Other Countries. The admirable and well-known series of maps of the U.S. Geological Survey continues to be issued. The French 1 : 50,000 series in colour was, of course, completely stopped during the war, and it is believed that it is not being taken up again ; only a few sheets have been issued. The Italians are mapping Tripoli and Italian Somaliland on the 1 : 100,000 and 1 : 50,000 scales. The map of Spain on the 1:100,000 scale in colours, published by the Spanish General Staff, is in progress. There is an excellent series of maps of Denmark on the 1:40,000 scale, published in colours by the Danish General Staff, and some fine maps have been issued by Norway.
Authorities. See the official annual reports of the Ordnance Survey, the Survey of India, the Surveys of Egypt, of Ceylon, the Federated Malay States, etc. A very useful publication is the Catalogue of Maps published by the Geographical Section General Staff; this is, in fact, indispensable for the study of the surveys of the Empire. For the topographical surveys of the United States reference should be made to the Annual Report of the U.S. Geological Survey; for France, Algeria and Tunis to the Annual Report of the Service Geographique de l'Armee. The official reports published by the various countries provide the most reliable information on the subject. (C. F. CL.)
MARCH, FRANCIS ANDREW (1825-1911), American philologist (see 17.688), died at Easton, Pa., Sept. 9 1911.
His son, Peyton Conway March (1864- ), American soldier, was born at Easton, Pa., Dec. 27 1864. He graduated from Lafayette College in 1884 and four years later from the U.S. Military Academy, being commissioned second lieutenant. In 1894 he was appointed first lieutenant. He graduated from the Artillery school in 1898, and on the outbreak of the Spanish-American War went to the Philippines as captain of volunteers, in charge of the Astor battery. He remained there three years, being promoted major of volunteers in 1899 and lieutenant-colonel in 1900. After honourable discharge from volunteer service in 1901 he was appointed captain of artillery in the regular army. From 1903 to 1907 he was a member of the General Staff and in 1904 during the Russo-Japanese War was with the Japanese army in Russia as observer. He was promoted major in 1907, lieutenant-colonel in 1912, and colonel in 1916. Soon after America's entrance into the World War in 1917 he was made a brigadier-general, regular army, and later major-general of the national army, and in Sept. 1917 major-general of the regular army. In 1917 he was with General Pershing in France in charge of the American artillery forces. In March 1918 he was appointed acting chief-of-staff, and the following May chief-of-staff with the rank of general, U.S. army. The same year he was awarded the D.S.M. He also received honours from many foreign powers. In July 1920 his rank reverted to that of major-general and at his own request he was retired from active service Oct. 31 1921.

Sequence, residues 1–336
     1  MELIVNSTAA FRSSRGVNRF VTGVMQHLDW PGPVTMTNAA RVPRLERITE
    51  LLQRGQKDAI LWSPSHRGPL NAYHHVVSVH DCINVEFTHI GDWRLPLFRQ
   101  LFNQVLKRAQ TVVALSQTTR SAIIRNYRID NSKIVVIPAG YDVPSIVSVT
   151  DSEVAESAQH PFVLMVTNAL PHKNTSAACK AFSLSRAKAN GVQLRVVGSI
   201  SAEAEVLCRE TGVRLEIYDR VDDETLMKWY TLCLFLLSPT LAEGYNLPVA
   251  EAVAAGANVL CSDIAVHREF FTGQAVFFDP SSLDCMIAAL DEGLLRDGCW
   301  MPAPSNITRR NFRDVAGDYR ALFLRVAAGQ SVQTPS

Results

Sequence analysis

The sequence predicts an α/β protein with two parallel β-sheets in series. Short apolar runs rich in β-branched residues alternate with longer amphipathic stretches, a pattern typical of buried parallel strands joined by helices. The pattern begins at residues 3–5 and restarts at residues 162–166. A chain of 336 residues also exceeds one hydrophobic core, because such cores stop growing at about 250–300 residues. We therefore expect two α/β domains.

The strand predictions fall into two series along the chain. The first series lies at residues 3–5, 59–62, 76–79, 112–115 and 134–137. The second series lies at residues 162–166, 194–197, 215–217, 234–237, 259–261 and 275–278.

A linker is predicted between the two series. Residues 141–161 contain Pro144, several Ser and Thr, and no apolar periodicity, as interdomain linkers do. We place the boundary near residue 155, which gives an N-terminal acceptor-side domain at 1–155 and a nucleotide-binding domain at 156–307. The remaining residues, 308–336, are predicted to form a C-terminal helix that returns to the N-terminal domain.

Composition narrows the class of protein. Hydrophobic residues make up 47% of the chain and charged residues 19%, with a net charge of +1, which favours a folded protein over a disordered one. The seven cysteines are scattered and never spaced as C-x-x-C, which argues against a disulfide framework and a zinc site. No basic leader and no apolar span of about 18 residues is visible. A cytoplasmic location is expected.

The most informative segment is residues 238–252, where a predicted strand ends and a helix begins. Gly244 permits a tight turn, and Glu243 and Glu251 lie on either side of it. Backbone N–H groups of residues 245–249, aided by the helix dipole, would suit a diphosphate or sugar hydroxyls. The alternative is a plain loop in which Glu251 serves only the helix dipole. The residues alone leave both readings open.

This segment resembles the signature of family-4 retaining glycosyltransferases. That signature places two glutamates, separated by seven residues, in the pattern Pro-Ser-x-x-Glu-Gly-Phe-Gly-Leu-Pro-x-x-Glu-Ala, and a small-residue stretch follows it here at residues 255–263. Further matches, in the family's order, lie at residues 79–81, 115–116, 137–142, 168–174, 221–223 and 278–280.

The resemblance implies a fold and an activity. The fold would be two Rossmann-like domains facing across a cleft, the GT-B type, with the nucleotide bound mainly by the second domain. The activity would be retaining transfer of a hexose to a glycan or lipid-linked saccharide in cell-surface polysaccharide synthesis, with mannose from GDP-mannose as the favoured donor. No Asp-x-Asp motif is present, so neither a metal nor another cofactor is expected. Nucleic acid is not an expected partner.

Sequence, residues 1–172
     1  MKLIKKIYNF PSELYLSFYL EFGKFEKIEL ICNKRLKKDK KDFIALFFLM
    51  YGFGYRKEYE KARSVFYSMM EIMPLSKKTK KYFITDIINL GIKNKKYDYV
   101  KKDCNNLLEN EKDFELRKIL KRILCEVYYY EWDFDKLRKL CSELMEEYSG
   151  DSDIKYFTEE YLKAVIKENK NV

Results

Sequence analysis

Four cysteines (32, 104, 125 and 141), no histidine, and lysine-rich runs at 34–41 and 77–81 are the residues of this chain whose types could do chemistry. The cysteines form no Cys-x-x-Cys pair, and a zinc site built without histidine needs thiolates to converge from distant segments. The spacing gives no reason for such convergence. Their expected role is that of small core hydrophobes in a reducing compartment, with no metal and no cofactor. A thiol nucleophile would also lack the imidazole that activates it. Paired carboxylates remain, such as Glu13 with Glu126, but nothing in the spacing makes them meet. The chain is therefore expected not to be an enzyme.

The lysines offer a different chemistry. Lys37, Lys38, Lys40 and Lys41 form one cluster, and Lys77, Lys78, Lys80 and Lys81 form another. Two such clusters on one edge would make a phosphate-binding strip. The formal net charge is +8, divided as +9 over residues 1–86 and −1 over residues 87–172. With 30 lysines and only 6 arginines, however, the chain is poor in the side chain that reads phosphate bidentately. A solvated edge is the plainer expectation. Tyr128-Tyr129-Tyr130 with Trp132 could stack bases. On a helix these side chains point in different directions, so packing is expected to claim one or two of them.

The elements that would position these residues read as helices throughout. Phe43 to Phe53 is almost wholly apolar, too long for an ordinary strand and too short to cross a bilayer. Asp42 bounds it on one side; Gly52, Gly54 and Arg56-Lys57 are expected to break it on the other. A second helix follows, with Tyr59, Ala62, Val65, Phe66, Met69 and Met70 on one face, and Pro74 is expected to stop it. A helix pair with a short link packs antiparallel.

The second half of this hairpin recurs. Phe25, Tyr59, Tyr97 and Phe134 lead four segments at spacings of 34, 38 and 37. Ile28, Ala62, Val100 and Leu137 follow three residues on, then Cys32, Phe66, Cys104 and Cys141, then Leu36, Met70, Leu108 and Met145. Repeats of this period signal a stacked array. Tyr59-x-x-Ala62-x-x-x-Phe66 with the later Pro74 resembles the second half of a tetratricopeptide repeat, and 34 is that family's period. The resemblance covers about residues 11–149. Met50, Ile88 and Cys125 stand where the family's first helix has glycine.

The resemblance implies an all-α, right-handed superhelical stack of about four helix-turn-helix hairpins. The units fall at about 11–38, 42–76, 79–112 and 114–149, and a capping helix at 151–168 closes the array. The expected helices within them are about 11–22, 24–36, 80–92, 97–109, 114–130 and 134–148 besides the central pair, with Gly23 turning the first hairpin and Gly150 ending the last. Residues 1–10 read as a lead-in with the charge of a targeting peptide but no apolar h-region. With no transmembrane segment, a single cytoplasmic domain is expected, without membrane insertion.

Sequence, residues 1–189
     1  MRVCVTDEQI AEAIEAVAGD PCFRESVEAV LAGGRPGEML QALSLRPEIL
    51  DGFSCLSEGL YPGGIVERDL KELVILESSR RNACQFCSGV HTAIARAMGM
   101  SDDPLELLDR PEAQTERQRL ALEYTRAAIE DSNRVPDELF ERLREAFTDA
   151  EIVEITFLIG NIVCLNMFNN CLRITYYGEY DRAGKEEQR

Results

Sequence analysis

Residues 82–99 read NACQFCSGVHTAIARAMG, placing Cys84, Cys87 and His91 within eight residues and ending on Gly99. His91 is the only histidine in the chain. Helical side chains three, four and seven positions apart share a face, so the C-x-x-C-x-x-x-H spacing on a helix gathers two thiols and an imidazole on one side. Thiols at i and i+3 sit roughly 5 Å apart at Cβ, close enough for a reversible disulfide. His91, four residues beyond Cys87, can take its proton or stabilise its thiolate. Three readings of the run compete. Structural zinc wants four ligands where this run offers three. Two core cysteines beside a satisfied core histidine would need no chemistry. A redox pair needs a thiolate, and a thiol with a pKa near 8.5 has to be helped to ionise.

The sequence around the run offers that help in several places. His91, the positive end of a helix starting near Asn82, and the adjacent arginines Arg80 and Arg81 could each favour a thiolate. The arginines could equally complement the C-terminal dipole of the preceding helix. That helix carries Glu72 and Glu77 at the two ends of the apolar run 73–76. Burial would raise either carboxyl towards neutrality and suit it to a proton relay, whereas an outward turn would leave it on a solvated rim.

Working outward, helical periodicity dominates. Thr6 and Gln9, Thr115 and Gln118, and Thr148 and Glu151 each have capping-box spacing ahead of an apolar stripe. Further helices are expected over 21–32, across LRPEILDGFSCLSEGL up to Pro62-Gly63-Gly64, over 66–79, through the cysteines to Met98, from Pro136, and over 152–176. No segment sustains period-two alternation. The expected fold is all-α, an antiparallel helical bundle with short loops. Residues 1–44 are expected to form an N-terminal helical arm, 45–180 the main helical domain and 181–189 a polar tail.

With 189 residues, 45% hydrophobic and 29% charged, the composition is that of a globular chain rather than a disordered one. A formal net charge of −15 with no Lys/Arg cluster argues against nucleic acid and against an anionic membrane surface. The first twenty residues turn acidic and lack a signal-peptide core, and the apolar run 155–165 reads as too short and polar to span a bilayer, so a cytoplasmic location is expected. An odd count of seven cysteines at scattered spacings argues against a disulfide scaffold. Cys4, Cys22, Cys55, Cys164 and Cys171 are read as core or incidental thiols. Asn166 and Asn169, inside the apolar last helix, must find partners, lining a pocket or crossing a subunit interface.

MARCHAND, JEAN-BAPTISTE (1863- ), French general and African explorer, was born at Thoissey (Ain) on Nov. 22 1863. After four years' service in the ranks, he was, in March 1887, appointed a sub-h'eutenant. In 1889 he was on active service in Senegal, was twice wounded and made a chevalier of the Legion of Honour. He was promoted lieutenant in Jan. 1890, captain in 1892, and commandant (chef de bataillon) in 1898. In the latter year he carried out his historic march on and occupation of Fashoda (see 1.341), and for this he was promoted to the high grade of commander in the Legion of Honour, having been previously (July 1895) raised from the grade of chevalier to that of officer. In Jan. 1900 he became lieutenant-colonel, and was made colonel two years later. On the outbreak of war in Aug. 1914 he was serving on the staff of the governor of Belfort; but in Sept. he was appointed to command the Colonial Bde. of the XIV. Corps. He distinguished himself in that capacity, was cited in army orders, and in Feb. 1915 was promoted a temporary-general of brigade. The following May he assumed command of the 10th (Colonial) Division. He was wounded in Sept. 1915, and was made a grand officer of the Legion of Honour. On March 25 1916 he was made a substantive-general of brigade. In the following Oct. he was again wounded, and on March 17 1917 received a second mention for distinguished service. On April 4 1917 he was promoted general of division and confirmed in his appointment as commander of the 10th Colonial Div. an appointment which he held throughout the later campaigns on the western front. He retired from the army in 1919 with a high reputation as a leader of troops in battle. He was given the Grand Cross of the Legion of Honour in 1920.
MARCHESI, MATHILDE (1826-1913), singer and teacher of singing, was born at Frankfort-on-Main March 26 1826, her father's name being Graumann. She made her debut as a singer in 1844, but in 1849 began her career as a teacher, in which she speedily earned a wide reputation, teaching at the conservatoires of Vienna and Cologne, as well as in London and Paris. In 1852 she married Salvatore Marchesi, Cavaliere de Castrone (d. 1908), himself a well-known singer and teacher. Among Madame Marchesi's pupils were Emma Calv6, Emma Eames, Melba,